Hawaii weighs options as WAC withers
By Fred Guzman
What now? That’s the question facing the WAC in the wake of defections that have left the league on the verge of collapse.
And for all of the strong comments and financial threats directed by commissioner Kent Benson at Fresno State and Nevada, those two schools are history. Boise State, had earlier announced its intention of bolting to the Mountain West.
As Benson, himself, put it: “In a 12-hour period, the WAC went from having a secure and prosperous future to once again not knowing what the future will bring.”
A week ago, the remaining WACschools pledged solidarity after receiving assurances that BYU would join the league in all sports except football. Although BYU would become independent in football, the Cougars planned on playing Fresno State, Hawaii, Nevada and Utah State on a regular basis.
The agreement included a $5 million exit fee for any school leaving within five years. That deal unraveled and the WAC was reduced to just six teams. Also in question is the scheduling agreement with BYU, which could seek to strike a similar deal with the West Coast Conference or opt to remain in the Mountain West.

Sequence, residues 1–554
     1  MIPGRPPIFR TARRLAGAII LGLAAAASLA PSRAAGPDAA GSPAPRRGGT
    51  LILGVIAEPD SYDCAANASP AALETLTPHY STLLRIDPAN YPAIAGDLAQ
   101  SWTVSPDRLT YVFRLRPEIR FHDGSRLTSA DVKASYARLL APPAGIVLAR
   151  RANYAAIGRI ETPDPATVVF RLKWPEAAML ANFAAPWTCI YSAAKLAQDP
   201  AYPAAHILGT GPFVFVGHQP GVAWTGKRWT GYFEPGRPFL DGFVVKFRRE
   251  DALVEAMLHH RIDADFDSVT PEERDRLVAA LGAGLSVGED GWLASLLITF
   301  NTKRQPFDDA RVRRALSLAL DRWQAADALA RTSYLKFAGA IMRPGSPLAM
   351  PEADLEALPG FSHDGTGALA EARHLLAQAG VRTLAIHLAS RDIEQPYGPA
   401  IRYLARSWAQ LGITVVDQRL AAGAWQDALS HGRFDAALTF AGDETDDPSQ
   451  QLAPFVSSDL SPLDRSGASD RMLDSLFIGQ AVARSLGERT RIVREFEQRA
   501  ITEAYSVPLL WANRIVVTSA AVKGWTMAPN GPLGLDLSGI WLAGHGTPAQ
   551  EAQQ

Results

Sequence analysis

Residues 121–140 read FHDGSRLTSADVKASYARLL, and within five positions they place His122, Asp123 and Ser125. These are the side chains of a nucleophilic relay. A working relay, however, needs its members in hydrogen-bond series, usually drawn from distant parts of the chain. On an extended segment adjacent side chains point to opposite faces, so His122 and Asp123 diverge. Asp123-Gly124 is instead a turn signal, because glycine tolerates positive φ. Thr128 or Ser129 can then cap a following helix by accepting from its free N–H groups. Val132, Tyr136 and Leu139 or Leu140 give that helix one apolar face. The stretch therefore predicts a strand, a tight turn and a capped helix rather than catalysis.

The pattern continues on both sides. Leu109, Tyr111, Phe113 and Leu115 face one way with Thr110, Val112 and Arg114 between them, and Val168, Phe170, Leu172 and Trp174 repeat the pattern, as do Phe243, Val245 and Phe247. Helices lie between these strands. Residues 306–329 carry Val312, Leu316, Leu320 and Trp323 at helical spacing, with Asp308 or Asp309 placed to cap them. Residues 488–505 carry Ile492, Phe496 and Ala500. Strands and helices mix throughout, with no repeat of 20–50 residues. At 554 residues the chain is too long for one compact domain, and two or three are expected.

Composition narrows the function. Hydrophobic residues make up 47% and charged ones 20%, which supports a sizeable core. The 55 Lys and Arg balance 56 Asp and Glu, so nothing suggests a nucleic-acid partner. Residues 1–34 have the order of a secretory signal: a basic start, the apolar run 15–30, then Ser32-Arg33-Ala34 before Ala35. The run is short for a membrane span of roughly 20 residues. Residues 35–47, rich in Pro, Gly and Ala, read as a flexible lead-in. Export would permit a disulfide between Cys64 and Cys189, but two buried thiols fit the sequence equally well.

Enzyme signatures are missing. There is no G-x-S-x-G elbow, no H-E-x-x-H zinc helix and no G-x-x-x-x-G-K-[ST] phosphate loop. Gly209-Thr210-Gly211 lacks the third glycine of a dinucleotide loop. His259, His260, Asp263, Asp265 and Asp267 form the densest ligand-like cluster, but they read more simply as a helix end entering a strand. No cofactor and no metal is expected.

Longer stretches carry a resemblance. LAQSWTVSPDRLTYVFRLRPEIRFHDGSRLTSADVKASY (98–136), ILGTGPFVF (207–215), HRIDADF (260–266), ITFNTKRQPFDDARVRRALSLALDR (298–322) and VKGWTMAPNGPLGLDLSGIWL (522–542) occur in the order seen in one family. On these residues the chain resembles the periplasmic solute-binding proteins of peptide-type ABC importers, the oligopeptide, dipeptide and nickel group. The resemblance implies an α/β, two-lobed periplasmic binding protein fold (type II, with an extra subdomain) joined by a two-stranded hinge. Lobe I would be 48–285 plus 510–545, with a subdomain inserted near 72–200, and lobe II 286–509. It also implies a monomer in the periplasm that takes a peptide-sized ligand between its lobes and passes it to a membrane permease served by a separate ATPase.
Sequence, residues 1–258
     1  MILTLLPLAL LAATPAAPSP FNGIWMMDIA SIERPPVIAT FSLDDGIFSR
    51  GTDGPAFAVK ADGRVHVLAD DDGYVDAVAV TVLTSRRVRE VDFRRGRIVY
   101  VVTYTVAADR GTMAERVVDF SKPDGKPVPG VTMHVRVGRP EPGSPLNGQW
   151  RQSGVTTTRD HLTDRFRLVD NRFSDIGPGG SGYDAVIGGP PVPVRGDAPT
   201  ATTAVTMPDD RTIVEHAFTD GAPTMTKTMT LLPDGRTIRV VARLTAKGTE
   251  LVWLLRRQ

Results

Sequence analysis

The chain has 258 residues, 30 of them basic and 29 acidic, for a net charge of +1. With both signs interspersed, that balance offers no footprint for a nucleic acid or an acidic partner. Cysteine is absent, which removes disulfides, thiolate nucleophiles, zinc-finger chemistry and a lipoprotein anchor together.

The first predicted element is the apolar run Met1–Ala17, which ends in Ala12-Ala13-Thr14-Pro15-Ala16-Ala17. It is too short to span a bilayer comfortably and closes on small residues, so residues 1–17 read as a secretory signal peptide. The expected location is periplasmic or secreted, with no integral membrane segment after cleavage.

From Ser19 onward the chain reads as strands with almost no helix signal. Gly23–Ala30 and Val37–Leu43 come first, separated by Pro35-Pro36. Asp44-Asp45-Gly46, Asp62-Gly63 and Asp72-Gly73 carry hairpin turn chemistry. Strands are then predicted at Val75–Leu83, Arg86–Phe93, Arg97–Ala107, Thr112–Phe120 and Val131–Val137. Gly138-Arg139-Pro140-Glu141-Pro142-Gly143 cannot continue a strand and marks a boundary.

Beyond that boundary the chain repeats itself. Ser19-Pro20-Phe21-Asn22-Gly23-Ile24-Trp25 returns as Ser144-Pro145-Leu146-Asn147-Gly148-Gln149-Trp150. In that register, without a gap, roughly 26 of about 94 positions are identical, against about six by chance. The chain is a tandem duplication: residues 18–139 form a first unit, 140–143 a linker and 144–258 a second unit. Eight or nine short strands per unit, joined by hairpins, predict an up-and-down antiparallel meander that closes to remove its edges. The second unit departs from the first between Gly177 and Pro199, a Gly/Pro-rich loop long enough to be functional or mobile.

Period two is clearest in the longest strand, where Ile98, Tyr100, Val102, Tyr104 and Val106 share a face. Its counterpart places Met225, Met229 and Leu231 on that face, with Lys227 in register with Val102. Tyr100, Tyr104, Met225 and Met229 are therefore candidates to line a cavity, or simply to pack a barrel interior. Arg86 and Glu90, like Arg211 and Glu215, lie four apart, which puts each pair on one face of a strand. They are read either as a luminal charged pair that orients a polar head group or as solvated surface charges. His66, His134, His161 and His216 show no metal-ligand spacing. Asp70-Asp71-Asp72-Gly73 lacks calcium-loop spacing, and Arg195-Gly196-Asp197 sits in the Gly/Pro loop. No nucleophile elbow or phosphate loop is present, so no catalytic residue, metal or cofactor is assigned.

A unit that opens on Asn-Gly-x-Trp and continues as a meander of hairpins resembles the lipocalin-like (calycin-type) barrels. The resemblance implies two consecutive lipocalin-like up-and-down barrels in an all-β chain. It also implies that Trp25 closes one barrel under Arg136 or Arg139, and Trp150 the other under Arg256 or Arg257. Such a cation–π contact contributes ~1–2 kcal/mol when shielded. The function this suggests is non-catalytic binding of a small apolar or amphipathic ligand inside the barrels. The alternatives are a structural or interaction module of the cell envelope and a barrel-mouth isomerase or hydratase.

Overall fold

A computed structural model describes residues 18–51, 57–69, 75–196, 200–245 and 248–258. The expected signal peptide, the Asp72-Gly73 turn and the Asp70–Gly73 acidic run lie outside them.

So the WAC must now land at least a couple of teams. Among the candidates are the likes of Montana, UC Davis, Sacramento State, Cal Poly, Texas-San Antonio and Texas State. The problem is that none of those schools can truly replace the three departing programs.
Here in Hawaii, there is a lot of hand-wringing and words of recrimination aimed at the defecting schools.
But let’s be real: If the Mountain West had made UH the some offer it extended to Fresno State and Nevada, wouldn’t you have considered it in Hawaii’s best interest to accept?
Isn’t the WAC being disingenuous in whining about losing two members when it worked for six weeks on a plan that would facilitate BYU’s exit from the Mountain West?.
Didn’t the WAC also consider poaching UNLV and San Diego State?
And isn’t Hawaii currently weighing its own options, including staying in the WAC, trying to get into a different conference and going independent, at least in football.
The remaining six schools are no longer bound to the agreement since Fresno State and Nevada left. They are free to leave, as well, without penalty — although you suspect the main reason they are trying to stick together is so they can receive the $10 million combined buyout.
Which only goes to show that there is no honor among thieves … or college presidents when it comes to big-time sports. The only school to show any honor in this mess is Utah State, which was the first school approached by the Mountain West but decided to honor its solidarity pact with the WAC.